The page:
A Shattering Musical Finale

A truly exceptional string ensemble
Members of Shattered Glass, a string ensemble, took a bow at the end of their performance at the Montauk School on Saturday night. It was the last program planned by the late Ruth Widder, and the last concert of the Music for Montauk series. Russell Drumm Photo

    Shattered Glass is an appropriate name for the truly exceptional string ensemble that performed at Saturday night’s Music for Montauk program. An appropriate name because as the musicians made their final bows many in the audience felt as though something precious had been broken.
    Saturday night’s performance was the final curtain on an uplifting program begun by the late Ruth Widder in 1991. In the ensuing years, 120 concerts were presented in just about every musical genre for the enjoyment and benefit of both the children of the Montauk School and the hamlet’s adults. Ms. Widder died on Feb. 20. 
    After Saturday’s performance, her daughter Laurie Widder recalled growing up in Montauk, a place her late father, Herman Widder, discovered as a place to fish and play. She said with a wink that the forms of play changed after he married her mother, a gifted pianist who filled the air of North Greenwich Street with classical music on summer afternoons.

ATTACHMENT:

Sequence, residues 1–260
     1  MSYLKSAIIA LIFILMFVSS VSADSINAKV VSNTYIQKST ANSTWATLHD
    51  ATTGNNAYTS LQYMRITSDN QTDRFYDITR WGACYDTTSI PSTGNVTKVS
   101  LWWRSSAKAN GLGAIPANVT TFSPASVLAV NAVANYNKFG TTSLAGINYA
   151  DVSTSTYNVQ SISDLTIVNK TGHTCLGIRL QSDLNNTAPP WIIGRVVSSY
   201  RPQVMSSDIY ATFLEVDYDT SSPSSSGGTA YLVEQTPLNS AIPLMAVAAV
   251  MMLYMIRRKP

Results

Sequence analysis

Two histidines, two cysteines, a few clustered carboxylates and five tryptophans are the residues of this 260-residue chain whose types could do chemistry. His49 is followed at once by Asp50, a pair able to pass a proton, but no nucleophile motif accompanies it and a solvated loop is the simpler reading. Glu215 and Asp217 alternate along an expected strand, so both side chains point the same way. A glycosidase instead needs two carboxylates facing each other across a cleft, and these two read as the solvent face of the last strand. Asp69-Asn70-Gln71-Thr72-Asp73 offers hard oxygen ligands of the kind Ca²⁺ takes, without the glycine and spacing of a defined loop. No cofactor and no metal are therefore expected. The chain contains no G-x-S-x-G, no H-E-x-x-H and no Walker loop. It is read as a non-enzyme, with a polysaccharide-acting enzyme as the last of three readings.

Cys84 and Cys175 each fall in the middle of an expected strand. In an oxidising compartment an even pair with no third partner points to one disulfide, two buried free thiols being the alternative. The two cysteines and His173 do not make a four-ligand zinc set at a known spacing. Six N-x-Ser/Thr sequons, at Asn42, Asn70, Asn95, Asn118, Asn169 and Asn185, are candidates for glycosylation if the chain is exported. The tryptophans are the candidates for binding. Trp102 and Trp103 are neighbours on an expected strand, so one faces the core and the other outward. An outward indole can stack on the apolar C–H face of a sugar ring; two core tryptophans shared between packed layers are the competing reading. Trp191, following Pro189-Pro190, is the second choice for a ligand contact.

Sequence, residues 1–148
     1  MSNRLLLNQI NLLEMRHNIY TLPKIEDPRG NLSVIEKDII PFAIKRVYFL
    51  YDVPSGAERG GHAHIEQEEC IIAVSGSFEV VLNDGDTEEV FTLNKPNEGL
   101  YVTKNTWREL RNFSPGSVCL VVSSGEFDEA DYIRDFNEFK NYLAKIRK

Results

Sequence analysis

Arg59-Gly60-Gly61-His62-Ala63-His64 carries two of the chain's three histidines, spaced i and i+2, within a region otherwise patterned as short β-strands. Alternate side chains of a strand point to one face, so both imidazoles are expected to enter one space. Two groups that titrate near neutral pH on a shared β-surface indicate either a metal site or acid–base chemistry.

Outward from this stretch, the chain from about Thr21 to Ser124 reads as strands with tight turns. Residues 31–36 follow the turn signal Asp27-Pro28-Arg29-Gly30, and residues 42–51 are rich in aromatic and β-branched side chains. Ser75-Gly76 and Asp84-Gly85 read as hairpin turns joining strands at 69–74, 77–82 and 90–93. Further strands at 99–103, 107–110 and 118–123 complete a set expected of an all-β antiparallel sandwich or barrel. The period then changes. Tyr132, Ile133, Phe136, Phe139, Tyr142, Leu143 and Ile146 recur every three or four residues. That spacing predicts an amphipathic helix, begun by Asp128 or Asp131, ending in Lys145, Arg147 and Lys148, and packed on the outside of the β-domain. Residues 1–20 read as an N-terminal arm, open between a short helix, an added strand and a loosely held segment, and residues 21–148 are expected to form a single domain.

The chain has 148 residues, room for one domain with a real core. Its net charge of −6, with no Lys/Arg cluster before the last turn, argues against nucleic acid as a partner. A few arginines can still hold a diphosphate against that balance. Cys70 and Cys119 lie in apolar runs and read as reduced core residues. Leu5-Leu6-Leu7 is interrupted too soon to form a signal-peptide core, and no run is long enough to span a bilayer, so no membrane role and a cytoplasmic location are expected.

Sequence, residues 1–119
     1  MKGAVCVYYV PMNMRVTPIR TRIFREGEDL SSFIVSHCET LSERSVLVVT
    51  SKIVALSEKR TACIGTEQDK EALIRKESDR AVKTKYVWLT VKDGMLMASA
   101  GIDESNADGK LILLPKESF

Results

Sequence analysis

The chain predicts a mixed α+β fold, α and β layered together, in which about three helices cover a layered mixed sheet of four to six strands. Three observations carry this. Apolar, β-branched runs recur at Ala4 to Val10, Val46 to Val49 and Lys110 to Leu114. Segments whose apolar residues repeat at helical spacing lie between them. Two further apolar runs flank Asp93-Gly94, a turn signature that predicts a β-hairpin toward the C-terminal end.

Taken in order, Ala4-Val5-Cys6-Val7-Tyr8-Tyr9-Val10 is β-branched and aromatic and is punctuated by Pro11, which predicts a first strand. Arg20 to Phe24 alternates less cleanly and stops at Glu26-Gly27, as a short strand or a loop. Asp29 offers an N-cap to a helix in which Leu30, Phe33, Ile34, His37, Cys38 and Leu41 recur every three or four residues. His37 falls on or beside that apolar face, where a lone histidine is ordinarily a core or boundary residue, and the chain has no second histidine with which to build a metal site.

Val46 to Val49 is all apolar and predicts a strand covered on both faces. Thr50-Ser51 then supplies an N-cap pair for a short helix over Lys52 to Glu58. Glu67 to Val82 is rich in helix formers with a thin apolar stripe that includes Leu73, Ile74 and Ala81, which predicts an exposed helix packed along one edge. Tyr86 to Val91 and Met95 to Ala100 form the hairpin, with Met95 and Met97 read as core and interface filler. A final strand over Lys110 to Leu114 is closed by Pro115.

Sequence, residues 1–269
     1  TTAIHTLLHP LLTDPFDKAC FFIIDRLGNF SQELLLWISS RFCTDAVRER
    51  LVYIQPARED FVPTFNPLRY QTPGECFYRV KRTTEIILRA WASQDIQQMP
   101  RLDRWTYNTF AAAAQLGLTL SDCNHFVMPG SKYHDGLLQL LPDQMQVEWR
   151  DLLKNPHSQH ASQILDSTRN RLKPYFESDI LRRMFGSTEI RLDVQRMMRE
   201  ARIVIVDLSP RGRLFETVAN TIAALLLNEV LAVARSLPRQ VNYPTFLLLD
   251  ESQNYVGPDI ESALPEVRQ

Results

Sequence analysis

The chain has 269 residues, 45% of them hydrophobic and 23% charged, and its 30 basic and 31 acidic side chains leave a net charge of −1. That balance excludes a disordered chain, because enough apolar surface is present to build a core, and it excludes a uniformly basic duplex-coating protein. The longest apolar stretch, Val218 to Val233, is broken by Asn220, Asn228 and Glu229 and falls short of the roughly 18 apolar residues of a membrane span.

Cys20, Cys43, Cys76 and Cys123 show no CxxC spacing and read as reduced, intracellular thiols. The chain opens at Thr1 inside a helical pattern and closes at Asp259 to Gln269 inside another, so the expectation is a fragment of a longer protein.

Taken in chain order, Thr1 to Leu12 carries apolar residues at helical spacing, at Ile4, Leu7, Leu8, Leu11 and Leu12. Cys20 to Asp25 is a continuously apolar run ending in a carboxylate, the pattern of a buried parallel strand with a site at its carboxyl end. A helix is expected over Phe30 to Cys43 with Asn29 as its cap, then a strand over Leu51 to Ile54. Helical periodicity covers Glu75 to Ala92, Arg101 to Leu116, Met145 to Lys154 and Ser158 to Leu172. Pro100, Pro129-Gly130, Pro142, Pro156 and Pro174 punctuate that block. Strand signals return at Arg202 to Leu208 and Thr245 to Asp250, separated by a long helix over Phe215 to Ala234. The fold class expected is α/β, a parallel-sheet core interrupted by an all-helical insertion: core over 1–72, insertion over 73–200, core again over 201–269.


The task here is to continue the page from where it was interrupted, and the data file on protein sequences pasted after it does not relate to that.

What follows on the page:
Ms. Widder said Music for Montauk grew with her mother’s connections to the world of classical music in New York City, and with a lot of hard work. “It deepened her love of music, and of Montauk. It brought her a lot of joy.”
    Bill Akin, a co-founder of Music for Montauk, also spoke of Ms. Widder’s vision and efforts to bring world-class music to young people, and to turn a school gymnasium into a concert hall of the first order. Mr. Akin said that after much thought, he and those on the board of directors decided that Ms. Widder’s energy and knowledge of the music scene could not be duplicated. Music for Montauk will not continue without her.
    She brought the very best to Montauk. Max Jacob, Shattered Glass’s bass fiddle player, spoke of meeting Ms. Widder for the first time when she signed the group for the night’s performance.
    He said that although the group had not gotten to know her well, they were impressed by her energy and vision, one they understood better after having spent the day touring Montauk. “It wasn’t all spent rehearsing,” he said.
    Shattered Glass is a 12-piece, conductorless ensemble that opened with the concerto for three violins in F major by Antonio Vivaldi. The ensemble next played J.S. Bach’s Ricercar a 6. The Sinfonietta per archi by Krzysztof Penderecki, a strikingly powerful atonal composition, was Shattered Glass’s third offering. The String Symphony No. 7 in D minor by Felix Mendelssohn ended the performance to a standing ovation, surely the kind of reception that Ms. Widder expected.
    Shattered Glass is scheduled to perform on May 7 at Carnegie Hall starting at 8 p.m.